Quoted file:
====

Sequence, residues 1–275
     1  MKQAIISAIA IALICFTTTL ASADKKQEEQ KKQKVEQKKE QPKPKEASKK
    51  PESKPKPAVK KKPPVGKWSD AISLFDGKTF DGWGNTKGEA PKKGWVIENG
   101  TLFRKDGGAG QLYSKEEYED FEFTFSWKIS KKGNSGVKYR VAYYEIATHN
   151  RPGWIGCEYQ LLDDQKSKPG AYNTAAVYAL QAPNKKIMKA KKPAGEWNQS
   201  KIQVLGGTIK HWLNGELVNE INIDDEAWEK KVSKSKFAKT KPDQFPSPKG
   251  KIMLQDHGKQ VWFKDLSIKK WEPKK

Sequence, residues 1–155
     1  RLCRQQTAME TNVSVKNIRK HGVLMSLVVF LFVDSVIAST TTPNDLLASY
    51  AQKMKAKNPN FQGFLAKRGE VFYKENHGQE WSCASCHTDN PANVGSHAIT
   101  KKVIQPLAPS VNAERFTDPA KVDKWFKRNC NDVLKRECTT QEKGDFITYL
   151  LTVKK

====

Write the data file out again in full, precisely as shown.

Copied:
Sequence, residues 1–275
     1  MKQAIISAIA IALICFTTTL ASADKKQEEQ KKQKVEQKKE QPKPKEASKK
    51  PESKPKPAVK KKPPVGKWSD AISLFDGKTF DGWGNTKGEA PKKGWVIENG
   101  TLFRKDGGAG QLYSKEEYED FEFTFSWKIS KKGNSGVKYR VAYYEIATHN
   151  RPGWIGCEYQ LLDDQKSKPG AYNTAAVYAL QAPNKKIMKA KKPAGEWNQS
   201  KIQVLGGTIK HWLNGELVNE INIDDEAWEK KVSKSKFAKT KPDQFPSPKG
   251  KIMLQDHGKQ VWFKDLSIKK WEPKK

Sequence, residues 1–155
     1  RLCRQQTAME TNVSVKNIRK HGVLMSLVVF LFVDSVIAST TTPNDLLASY
    51  AQKMKAKNPN FQGFLAKRGE VFYKENHGQE WSCASCHTDN PANVGSHAIT
   101  KKVIQPLAPS VNAERFTDPA KVDKWFKRNC NDVLKRECTT QEKGDFITYL
   151  LTVKK